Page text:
To improve the learners' understanding of age-appropriate tobacco interventions for teens that address their special needs.
After completing this activity participants will be able to:
Consider the prevalence of tobacco use among teens in planning tobacco prevention and intervention policies in your practice
Consider the health and psychosocial risks that tobacco use poses specifically for young patients in their patient care
Tailor tobacco interventions to teens and address the needs of special patient populations
Use current recommendations on using nicotine replacement and other pharmacological therapies with young patients who are quitting smoking
Despite common use of tobacco by teens (SAMHSA, 2009) the effectiveness of tobacco interventions by health care providers (Fiore et al, 2008), many physicians are not providing teens with tobacco screening and preventive interventions (Alfano, et al, 2002). The US PHS Clinical Practice Guideline recommends tobacco cessation and prevention interventions for teens (Fiore et al, 2008).
Tobacco use is still fairly common; in the United States. Approximately 28.4% of persons aged 12 or older used a tobacco product in the last month in a 2008 survey (NSDUH, 2009). Past month use of tobacco by youths aged 12 to 17 has decreased slightly over the past 6 years but was still at 11.4% in 2008 (NSDUH, 2009). A small but significant number of children are already using tobacco at ages 12 to 13 (2.1% past month cigarette use in 2008). In youths, tobacco use is responsible for significant health effects including more respiratory symptoms and illnesses, poorer lung function, decreased physical fitness, diminished defense against infectious disease, and early cardiovascular disease (USDHHS, 1994). Another important consideration with respect to children is the effect of secondhand smoke on their health; it has been linked to increased respiratory effects including asthma morbidity and increased otitis media, among others (NCI, 1999). Furthermore, early tobacco use is associated with heavier tobacco use later in life and longer potential time to be users (USDHHS, 1994) with all the associated significant morbidity and mortality associated with long term use of tobacco (Surgeon General, 2004).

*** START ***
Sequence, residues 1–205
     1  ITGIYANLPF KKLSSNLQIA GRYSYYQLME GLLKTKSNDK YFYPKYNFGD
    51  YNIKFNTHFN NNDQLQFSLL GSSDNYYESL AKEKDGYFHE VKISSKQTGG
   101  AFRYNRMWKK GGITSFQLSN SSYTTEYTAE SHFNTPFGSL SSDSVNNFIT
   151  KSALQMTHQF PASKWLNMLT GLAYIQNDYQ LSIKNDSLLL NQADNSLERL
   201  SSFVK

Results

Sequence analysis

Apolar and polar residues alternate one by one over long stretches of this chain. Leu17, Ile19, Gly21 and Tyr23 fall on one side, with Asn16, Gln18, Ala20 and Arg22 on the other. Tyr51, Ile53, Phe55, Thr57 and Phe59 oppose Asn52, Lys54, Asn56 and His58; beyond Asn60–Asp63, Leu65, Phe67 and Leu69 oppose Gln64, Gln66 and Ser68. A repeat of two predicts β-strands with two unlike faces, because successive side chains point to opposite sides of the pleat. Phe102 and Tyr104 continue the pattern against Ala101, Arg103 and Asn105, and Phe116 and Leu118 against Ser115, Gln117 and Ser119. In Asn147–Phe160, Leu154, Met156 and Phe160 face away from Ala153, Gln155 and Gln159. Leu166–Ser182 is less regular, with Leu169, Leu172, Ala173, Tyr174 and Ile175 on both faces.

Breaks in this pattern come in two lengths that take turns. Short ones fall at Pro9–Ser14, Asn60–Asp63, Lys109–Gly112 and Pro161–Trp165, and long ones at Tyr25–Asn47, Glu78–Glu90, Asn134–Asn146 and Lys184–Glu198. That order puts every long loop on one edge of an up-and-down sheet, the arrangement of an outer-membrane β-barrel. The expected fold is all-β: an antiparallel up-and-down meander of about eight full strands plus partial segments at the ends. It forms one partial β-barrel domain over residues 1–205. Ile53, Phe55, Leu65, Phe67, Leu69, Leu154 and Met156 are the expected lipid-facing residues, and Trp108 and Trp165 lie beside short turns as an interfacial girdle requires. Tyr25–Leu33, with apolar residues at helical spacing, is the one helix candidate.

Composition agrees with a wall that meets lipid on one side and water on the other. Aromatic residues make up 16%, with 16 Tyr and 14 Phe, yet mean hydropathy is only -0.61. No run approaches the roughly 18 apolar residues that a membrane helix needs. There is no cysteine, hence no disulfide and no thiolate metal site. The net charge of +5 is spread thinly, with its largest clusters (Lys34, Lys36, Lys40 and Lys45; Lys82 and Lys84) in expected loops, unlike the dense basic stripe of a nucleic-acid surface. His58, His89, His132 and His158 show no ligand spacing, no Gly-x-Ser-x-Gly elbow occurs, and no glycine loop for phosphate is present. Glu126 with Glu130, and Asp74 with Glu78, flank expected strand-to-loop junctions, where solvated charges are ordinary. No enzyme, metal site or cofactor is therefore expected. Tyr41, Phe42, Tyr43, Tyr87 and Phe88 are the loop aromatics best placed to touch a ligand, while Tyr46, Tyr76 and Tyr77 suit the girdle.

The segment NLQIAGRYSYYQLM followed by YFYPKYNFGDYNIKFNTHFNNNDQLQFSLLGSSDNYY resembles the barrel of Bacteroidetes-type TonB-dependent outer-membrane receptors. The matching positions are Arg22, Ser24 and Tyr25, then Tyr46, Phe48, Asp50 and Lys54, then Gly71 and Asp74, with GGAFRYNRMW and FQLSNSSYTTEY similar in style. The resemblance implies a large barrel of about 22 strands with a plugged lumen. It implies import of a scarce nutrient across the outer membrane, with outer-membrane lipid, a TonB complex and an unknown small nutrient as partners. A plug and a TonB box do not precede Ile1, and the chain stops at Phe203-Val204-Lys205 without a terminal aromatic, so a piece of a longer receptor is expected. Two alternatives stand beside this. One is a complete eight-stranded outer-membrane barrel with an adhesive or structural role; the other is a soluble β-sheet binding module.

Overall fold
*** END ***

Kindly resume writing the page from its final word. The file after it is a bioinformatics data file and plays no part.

The effectiveness of tobacco interventions by health care providers was evaluated in a review of the literature by the review panel for the U.S. Public Health Service Clinical Practice Guideline, Treating Tobacco Use and Dependence: 2008 Update (Fiore, et al., 2008). The Clinical Practice Guideline (Fiore, et al., 2008), provided evidence-based guidelines for clinicians on how to provide brief and more extensive interventions in tobacco use. A number of studies have found that screening for tobacco use and recommending cessation occurs at the most around 75% of the time and other appropriate tobacco interventions are made by primary care physicians less frequently (Schnoll R et al, 2004; Braun et al, 2004; Jaen et al, 2001; Ellerbeck et al, 2001).
Children and teens initiate smoking most often in grades 6 through 9 (ages 11-15) (Johnston et al., 2004). The US PHS Clinical Guidelines, recommended that health care providers screen all of their child and teen patients as well as their parents for tobacco use and provide a strong message recommending complete abstinence (Fiore, et al, 2008).
Many physicians are not providing teens with tobacco screening and interventions. A survey of over 5000 teens found that fewer than half had been screened or counseled by their physicians regarding tobacco use (Alfano, et al, 2002). Furthermore, despite documented negative health effects of secondhand smoke, parents of teens are rarely asked about their smoking (Key and Marsh, 2004).
Training physicians in evidence-based, brief tobacco interventions in order to assure that all physicians know and are confident to provide teen tobacco interventions will help address this practice gap.